Autism shows its deadly side once more
I was hoping Saiqa Akhter’s murders of her two autistic children would be the last time we heard of such a thing in the autism community, but I came across an article from the New York Daily News via Autisable’s Twitter page (this blog is syndicated by Autisable, a community site for autism bloggers) that reported an update in the investigation of a murder-suicide where Micaela Jackson killed her 12-year-old autistic son and then herself with a 9-mm pistol. Jackson left a suicide note on the door and her last blog entry stated that her life was now in God’s hands.
While signs of potential harm against oneself or others usually appear before such an act occurs, sources interviewed in the article said they had no idea Jackson was about to snap, as she had recently earned a promotion at her job. The only theory investigators had to offer was Jackson potentially being strained by caring for her only child.
Unfortunately, answers will likely never be discovered. I explained in the Akhter murder post how autism can wreak havoc for parents if not approached carefully and optimistically. In theory, Jackson may not have done either. Combine that with being located in the Bronx borough of New York City, where the cost of living is high throughout the city and space is limited (although I have to believe there’s a nearby resource for people affected by autism), and perhaps Jackson experienced the perfect storm of emotions to carry out her act. However, I can only speculate.
This story is fascinating because people interviewed for the article did not notice any premonitions of the murder-suicide occurring. Jackson either made a choice without warning, or was possibly aware of the general red flags of suicide and did what she could to avoid detection.
The unique nature of the incident likely led to its publishing in one of New York’s news outlets. The photo that was found on Jackson’s blog and republished by the Daily News represents an element of autism I haven’t seen in any previous article I’ve blogged about on this site and only once on video (from Twin Cities station WCCO): that the disability can affect anyone from any ethnic background. I was fortunate enough to profile an autistic child of an interracial couple when I was producing documentaries on the subject, although I chose to report on his condition more than his or his parents’ ethnic background. In most mainstream articles and videos, the faces of autism movements and up-close examinations of the condition often have white people in the forefront. While there are plenty of cases in that group, whites as a whole are slowly becoming a minority in the United States, which means there’s a lot of non-white people around. It’s only natural that autism would affect those folks as well, but I rarely see reporters making an effort to point that out.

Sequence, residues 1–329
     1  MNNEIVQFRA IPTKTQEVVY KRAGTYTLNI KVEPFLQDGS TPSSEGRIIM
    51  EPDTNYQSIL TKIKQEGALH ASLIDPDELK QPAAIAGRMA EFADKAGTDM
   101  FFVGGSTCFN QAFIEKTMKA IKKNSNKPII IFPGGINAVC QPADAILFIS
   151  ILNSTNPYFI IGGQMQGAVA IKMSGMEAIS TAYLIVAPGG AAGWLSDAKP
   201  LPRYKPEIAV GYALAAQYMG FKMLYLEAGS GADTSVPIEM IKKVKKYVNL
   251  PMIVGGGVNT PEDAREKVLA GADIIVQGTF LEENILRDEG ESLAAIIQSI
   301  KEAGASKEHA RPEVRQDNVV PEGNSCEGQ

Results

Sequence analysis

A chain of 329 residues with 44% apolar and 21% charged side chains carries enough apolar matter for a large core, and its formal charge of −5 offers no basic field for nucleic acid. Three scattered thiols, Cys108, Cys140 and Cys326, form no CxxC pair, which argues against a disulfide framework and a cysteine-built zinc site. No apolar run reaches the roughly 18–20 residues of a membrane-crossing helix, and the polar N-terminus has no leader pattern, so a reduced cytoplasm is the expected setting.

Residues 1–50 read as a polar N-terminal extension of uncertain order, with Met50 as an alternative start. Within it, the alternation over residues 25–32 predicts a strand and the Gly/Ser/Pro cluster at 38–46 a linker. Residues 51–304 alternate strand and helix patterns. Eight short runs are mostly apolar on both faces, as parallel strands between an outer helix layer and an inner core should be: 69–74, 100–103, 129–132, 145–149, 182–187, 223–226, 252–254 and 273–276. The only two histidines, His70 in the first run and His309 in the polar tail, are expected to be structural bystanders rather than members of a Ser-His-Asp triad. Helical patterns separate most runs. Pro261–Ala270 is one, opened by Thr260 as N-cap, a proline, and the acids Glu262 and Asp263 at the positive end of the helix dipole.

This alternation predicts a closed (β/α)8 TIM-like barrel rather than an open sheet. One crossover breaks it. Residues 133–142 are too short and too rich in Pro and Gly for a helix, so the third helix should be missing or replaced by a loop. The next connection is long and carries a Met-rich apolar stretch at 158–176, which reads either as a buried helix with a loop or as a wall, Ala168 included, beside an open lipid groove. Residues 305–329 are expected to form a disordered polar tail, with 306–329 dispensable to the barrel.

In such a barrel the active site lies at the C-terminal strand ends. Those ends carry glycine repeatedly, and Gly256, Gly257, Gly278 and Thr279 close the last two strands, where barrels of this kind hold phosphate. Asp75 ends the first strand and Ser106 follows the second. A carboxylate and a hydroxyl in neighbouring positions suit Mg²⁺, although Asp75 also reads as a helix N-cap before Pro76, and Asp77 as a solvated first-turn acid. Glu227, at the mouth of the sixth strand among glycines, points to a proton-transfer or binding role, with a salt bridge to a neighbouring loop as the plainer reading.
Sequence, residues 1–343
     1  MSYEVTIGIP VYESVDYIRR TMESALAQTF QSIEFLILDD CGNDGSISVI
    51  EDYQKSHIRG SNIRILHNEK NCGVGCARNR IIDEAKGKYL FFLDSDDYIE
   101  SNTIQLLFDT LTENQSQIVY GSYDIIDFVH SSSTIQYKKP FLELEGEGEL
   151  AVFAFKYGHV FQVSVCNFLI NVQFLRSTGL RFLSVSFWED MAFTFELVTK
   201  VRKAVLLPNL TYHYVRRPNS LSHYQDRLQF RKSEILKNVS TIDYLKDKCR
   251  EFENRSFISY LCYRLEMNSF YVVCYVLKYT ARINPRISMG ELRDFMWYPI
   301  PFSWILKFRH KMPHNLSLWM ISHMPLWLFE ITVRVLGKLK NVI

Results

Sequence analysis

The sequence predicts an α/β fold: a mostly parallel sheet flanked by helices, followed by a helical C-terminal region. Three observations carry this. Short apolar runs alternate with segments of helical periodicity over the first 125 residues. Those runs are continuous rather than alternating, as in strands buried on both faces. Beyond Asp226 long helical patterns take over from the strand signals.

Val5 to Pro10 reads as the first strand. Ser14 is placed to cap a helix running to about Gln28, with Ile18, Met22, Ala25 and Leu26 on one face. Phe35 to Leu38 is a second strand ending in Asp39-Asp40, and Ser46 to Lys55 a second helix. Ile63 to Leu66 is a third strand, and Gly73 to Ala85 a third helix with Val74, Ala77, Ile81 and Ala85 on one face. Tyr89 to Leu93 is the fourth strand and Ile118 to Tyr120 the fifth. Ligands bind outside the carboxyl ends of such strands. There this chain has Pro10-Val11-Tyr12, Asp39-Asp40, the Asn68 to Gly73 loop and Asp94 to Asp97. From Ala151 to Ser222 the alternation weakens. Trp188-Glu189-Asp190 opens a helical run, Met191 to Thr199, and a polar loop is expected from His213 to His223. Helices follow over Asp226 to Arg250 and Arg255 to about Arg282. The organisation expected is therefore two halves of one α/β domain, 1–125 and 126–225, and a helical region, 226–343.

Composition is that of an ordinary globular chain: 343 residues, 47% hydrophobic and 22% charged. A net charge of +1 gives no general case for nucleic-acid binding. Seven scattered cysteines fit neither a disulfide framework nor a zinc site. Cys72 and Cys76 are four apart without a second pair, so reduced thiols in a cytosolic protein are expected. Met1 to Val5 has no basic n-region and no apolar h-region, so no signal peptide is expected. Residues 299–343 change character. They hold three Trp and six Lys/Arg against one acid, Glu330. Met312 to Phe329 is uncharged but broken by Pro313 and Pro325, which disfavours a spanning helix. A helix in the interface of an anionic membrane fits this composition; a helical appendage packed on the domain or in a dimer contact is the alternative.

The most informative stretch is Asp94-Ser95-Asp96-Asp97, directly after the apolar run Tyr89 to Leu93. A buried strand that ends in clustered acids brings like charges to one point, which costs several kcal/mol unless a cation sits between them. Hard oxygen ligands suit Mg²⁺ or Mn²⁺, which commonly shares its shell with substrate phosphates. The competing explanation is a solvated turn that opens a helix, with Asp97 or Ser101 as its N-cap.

Would showing autism as everyone’s problem versus just a white person’s problem saved Jackson and her son? Impossible to verify because the question itself has too many variables. However, highlighting autism’s lack of racial discrimination could help everyone come to terms with the condition and not feel ashamed or scared about it. Committing suicide and taking your son with you certainly won’t achieve progress. When journalists are at their best, they can wield immense power in influence and information. Perhaps it’s time for journalists to re-evaluate the resources available and/or investigate the culture of autism outside the Caucasian realm. Anything to prevent another senseless end to an autistic person’s life.